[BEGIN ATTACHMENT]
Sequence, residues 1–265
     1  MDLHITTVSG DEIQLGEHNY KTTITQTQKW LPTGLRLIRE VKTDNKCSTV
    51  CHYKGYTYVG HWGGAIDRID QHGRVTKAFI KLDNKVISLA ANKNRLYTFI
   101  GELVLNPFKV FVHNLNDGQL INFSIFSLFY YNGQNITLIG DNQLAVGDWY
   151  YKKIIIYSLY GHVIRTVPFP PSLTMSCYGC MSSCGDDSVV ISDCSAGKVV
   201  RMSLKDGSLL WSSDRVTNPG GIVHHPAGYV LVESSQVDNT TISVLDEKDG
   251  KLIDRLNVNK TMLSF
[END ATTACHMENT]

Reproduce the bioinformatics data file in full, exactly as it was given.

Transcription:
Sequence, residues 1–265
     1  MDLHITTVSG DEIQLGEHNY KTTITQTQKW LPTGLRLIRE VKTDNKCSTV
    51  CHYKGYTYVG HWGGAIDRID QHGRVTKAFI KLDNKVISLA ANKNRLYTFI
   101  GELVLNPFKV FVHNLNDGQL INFSIFSLFY YNGQNITLIG DNQLAVGDWY
   151  YKKIIIYSLY GHVIRTVPFP PSLTMSCYGC MSSCGDDSVV ISDCSAGKVV
   201  RMSLKDGSLL WSSDRVTNPG GIVHHPAGYV LVESSQVDNT TISVLDEKDG
   251  KLIDRLNVNK TMLSF